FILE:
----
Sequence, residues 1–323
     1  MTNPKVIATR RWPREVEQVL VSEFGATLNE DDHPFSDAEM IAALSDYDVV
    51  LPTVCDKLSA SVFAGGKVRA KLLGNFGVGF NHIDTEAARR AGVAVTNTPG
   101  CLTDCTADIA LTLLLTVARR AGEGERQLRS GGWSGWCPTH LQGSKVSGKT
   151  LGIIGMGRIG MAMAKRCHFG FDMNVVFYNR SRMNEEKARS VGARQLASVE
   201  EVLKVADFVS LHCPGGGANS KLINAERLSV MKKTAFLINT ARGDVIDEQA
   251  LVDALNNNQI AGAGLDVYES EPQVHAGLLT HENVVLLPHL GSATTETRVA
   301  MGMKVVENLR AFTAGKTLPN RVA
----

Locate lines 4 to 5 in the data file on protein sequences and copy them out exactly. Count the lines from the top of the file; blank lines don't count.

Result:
   101  CLTDCTADIA LTLLLTVARR AGEGERQLRS GGWSGWCPTH LQGSKVSGKT
   151  LGIIGMGRIG MAMAKRCHFG FDMNVVFYNR SRMNEEKARS VGARQLASVE